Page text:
Monday, August 27, 2012
Kristin N. Henning (Georgetown University Law Center) has posted Criminalizing Normal Adolescent Behavior in Communities of Color: The Role of Prosecutors in Juvenile Justice Reform (Cornell Law Review, Forthcoming) on SSRN. Here is the abstract:
There is little dispute that racial disparities pervade the contemporary American juvenile justice system. The persistent overrepresentation of youth of color in the system suggests that scientifically supported notions of diminished culpability of youth are not applied consistently across races. Drawing from recent studies on implicit bias and the impact of race on perceptions of adolescent culpability, Professor Henning contends that contemporary narratives portraying black and Hispanic youth as dangerous and irredeemable lead prosecutors to disproportionately reject youth as a mitigating factor for their behavior. Although racial disparities begin at arrest and persist through every stage of the juvenile justice process, this Article focuses specifically on the unique opportunity and obligation that prosecutors have to address those disparities at the charging phase of the juvenile case.
Professor Henning implores juvenile prosecutors to resist external pressures to respond punitively and symbolically to exaggerated perceptions of threat by youth of color and envisions a path toward structured decision making at the charging phase that is informed by research in adolescent development, challenges distorted notions of race and maturity, and holds prosecutors accountable for equitable decision making across race. While fully embracing legitimate prosecutorial concerns about victims’ rights and public safety, Professor Henning frames the charging decision as one requiring fairness, equity, and efficacy. Fairness requires that prosecutors evaluate juvenile culpability in light of the now well-documented features of adolescent offending. Equity demands an impartial application of the developmental research to all youth, regardless of race and socioeconomic status. Efficacy asks prosecutors to rely on scientifically validated best practices for ensuring positive youth development and achieving public safety. Thus, even when neighborhood effects and social structures produce opportunities for more serious and more frequent crime among youth of color, prosecutors have a duty to evaluate that behavior in light of the current developmental research and respond to that conduct with the same developmentally appropriate options that are so often available to white youth.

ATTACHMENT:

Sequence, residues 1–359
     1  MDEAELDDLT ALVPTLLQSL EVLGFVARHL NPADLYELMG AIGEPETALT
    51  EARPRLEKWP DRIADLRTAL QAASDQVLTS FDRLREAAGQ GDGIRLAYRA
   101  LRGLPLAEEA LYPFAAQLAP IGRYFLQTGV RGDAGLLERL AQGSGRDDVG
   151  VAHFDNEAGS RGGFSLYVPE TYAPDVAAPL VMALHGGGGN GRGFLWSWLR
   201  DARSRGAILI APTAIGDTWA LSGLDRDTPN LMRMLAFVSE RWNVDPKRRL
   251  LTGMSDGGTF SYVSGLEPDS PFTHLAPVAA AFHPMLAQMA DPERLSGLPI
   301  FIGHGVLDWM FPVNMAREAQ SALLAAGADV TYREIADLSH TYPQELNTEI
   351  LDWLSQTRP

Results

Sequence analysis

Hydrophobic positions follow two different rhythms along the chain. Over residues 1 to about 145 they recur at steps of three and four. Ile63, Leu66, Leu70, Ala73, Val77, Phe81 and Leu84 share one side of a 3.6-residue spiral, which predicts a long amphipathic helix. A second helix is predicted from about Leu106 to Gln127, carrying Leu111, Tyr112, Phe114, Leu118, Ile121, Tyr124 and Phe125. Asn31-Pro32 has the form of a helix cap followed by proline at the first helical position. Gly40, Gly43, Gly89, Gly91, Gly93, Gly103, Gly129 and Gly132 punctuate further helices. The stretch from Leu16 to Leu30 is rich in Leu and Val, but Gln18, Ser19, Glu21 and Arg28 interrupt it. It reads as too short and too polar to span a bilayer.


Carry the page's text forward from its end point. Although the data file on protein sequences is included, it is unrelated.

As the gatekeepers of juvenile court jurisdiction, prosecutors should work with developmental experts, school officials, and other community representatives to develop and publish juvenile charging standards that reflect these goals. To increase transparency and encourage buy-in from the public, Professor Henning recommends that prosecutors track charging decisions according to race and geographic neighborhood and provide community representatives and other stakeholders with an opportunity to review those decisions for disparate impact. Finally, to ensure that communities of color are able to respond to adolescent offending without state intervention, Professor Henning contemplates a more expansive role for prosecutors who will engage and encourage school officials and community representatives to identify and develop adequate community-based, adolescent-appropriate alternatives to prosecution.